Fort Worth immigrant made coin collecting a mainstream hobby

The Mehl brothers depicted in the mid-1890s are Meyer, B. Max, Abe and Israel N. from left. The family emigrated from Lithuania to the USA in 1892.

The Mehl brothers depicted in the mid-1890s are Meyer, B. Max, Abe and Israel N. from left. The family emigrated from Lithuania to the USA in 1892.

Fort Worth Jewish Archives

B. Max Mehl, an immigrant who worked 25 cents a week in a shoe store, made a fortune on loose change. When customers paid, he checked their money for rare pennies, nickels, dimes and half dollars.

In 1903 he placed an ad in The Numismatist, a coin collecting magazine, and sold his vintage coins to the highest bidder. A year later he ran classifieds on the Fort Worth Telegram. In 1906 he conducted a coin auction by mail and advertised his business with five lines in Colliers magazine. This made him the first coin dealer to advertise in the popular press. Within a decade, flour had made coin collecting a hobby for the masses.

Before Mehl popularized numismatics, it was a pastime for the rich, an obscure subject for archaeologists and art scholars. Mehl wasn’t a scholar – he dropped out of Central High at the age of 16. But he was a keen observer, a promoter on par with PT Barnum. He took the opportunity that people had treasure in their pockets and offered $ 50 for a 1913 Liberty Head Nickel, even though he knew none was in circulation.

The advertisement prompted trolley conductors and salespeople to check coins before adding them to the cash register. In a brochure titled “The Romance of Money,” Mehl said his search for a rare copper penny had turned into a $ 200 bonus for a college student who needed the money to cover tuition fees. A gold dollar coin he was looking for eventually turned up in Australia. By 1912 Mehl had 10 employees who handled correspondence from all over the world.

In 1916, Mehl hired local architect Wiley G. Clarkson to design a three-story, 16,000-square-foot office building at 1200 W. Magnolia Ave. and on South Henderson Street. The facade of the Max Mehl building is made of red Acme brick and is accented with cast stone. It has bay windows as well as doors and windows topped with reliefs of ancient coins. Within the beautiful landmark, 40 employees answered letters and sent Mehl’s annual catalog, the Star Rare Coin Encyclopedia, to a subscription list that had grown to 70,000.

Flour Building, 1204 W. Magnolia St, caz.  1920 (2) .jpg A 1916 architect’s sketch of the Flour Building on the corner of Magnolia Avenue and South Henderson. The landmark is part of the Fairmount-Southside Historic District. courtesy Fort Worth Jewish Archives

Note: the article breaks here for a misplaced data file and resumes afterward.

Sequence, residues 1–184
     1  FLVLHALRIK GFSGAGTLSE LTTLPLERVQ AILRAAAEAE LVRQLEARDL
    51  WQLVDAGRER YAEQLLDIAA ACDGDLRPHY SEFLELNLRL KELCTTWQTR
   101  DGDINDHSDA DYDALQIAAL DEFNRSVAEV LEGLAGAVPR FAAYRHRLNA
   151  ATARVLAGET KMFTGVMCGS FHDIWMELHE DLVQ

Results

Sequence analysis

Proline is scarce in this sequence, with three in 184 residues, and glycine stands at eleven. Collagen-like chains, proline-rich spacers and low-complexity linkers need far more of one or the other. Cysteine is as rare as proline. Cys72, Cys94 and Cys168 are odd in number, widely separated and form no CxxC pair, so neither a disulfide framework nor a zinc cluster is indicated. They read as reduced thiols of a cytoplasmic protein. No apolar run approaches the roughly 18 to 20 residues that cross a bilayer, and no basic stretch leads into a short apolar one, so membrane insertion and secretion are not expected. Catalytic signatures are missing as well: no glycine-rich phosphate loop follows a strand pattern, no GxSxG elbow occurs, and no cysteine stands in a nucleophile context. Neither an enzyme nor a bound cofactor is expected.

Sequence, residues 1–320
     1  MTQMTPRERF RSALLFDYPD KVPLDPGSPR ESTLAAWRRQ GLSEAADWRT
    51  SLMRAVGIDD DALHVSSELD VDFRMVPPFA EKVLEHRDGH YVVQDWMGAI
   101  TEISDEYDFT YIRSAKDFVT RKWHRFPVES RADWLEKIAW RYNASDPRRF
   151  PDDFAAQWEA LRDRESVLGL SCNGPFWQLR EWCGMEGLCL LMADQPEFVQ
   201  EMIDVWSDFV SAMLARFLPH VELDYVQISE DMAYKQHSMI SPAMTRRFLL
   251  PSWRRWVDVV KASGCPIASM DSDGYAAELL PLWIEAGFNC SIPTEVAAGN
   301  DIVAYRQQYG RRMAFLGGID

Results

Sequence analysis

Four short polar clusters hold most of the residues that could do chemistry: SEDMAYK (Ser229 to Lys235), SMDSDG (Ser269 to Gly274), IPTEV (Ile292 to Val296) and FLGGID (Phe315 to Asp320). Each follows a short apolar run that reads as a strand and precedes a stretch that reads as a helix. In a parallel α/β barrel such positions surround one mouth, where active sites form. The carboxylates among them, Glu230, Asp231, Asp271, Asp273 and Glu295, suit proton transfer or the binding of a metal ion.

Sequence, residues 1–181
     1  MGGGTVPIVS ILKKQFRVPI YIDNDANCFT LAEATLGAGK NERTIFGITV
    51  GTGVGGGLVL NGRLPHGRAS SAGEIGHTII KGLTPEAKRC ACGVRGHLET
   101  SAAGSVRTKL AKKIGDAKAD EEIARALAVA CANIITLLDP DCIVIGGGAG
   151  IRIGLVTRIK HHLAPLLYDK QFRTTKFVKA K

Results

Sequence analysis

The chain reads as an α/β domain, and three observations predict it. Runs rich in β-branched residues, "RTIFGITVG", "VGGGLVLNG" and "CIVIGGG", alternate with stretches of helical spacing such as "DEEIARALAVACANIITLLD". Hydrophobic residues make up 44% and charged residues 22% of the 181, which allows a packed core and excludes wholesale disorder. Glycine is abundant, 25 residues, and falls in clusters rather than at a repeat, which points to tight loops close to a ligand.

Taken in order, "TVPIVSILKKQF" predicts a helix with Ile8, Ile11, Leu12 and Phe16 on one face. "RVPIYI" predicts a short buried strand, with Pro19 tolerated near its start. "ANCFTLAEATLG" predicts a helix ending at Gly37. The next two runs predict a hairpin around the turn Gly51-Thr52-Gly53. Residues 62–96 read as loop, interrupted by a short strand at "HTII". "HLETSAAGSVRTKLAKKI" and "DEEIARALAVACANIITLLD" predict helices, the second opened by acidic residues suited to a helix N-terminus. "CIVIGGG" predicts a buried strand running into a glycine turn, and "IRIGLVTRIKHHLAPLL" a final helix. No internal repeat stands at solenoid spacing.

During the economic crisis, when Mehl advertised on 50 radio stations, his inbox peaked in 1935 with 1.25 million inquiries. The Fort Worth Post Office added trucks to the Magnolia Avenue route because Mehl’s “advertising campaigns made up more than half of the mail” to the Encyclopedic Dictionary of Numismatic Biography.

Mehl’s famous customers included Amon Carter Sr., Winston Churchill, Franklin D. Roosevelt, and King Farouk of Egypt.

The teenage shoe salesman, whose first job paid 25 cents a week, was a long way from Panevezys in Lithuania, where he was born in 1884. His full name was Benjamin Maximillian Mehl. He had emigrated with his parents, three older brothers and sisters, in 1892, first to New York, then to Fort Worth, where his mother, Ruchel Goldstick Mehl, probably had relatives.

In 1907 he married Ethel Rosen, the niece of Northside developer Sam Rosen, who was also rooted in Lithuania. The wedding took place in the drawing room of Sam Rosen’s house, where a Dallas rabbi, S. Margolis of the Shearith Israel Congregation, was officiating.

Max and Ethel Mehl had two daughters, Lorraine (Rosenberg) and Danna (Levy), who became family archivists.

Mehl, B. Max Letterhead, 1929 001 (2) .jpg Stationery from B. Max Mehl, the advertising man who made coin collecting a mainstream hobby. courtesy Fort Worth Jewish Archives

Mehl’s granddaughter Roslyn Levy Rubin still lives in Fort Worth and remembers her grandfather’s generosity. “He was my ‘daddy’,” she said on a recent phone call. “He always gave me coins.” Whenever the family gathered for dinner at the Colonial Country Club, where Mehl was a founding member, “he gave me a nickel to play the slot machines” – a popular private club convenience in the 1940s. The glittering and ringing of the coins continued to fascinate her “Pappa”.

As Mehl’s fame and fortune grew, so did his civic engagement. He was president of the Rotary and Exchange clubs, which hold an annual roast to encourage the richest men in town to donate to Star Telegram’s Goodfellow Fund for Christmas. During World War II, he headed a local Selective Service Board. The Fort Worth Chapter of the National Conference of Christians and Jews honored him with a humanitarian award in 1956.

After Mehl’s death in 1957, the coin dealer remained in operation until 1961. The Max Mehl building gradually turned into a flea house with low rent apartments. Renovated in 2007, the building is part of Fort Worth’s Fairmount-Southside Historic District, a neighborhood listed on the National Register of Historic Places since 1990. The suites in the building rents for $ 20 to $ 22 per square foot. Tenants include lawyers, doctors, surveyors, research companies, real estate agents and a photo studio. Although it is no longer a coin clearing house, the landmark remains a footnote to numismatic history.

Hollace Ava Weiner, a former Star Telegram reporter, is a writer, archivist, and director of the Fort Worth Jewish Archives.

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